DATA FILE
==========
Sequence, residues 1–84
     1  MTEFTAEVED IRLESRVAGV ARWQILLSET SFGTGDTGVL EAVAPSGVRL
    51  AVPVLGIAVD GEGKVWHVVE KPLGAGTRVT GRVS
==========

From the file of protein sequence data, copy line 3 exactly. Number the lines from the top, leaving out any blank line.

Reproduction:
    51  AVPVLGIAVD GEGKVWHVVE KPLGAGTRVT GRVS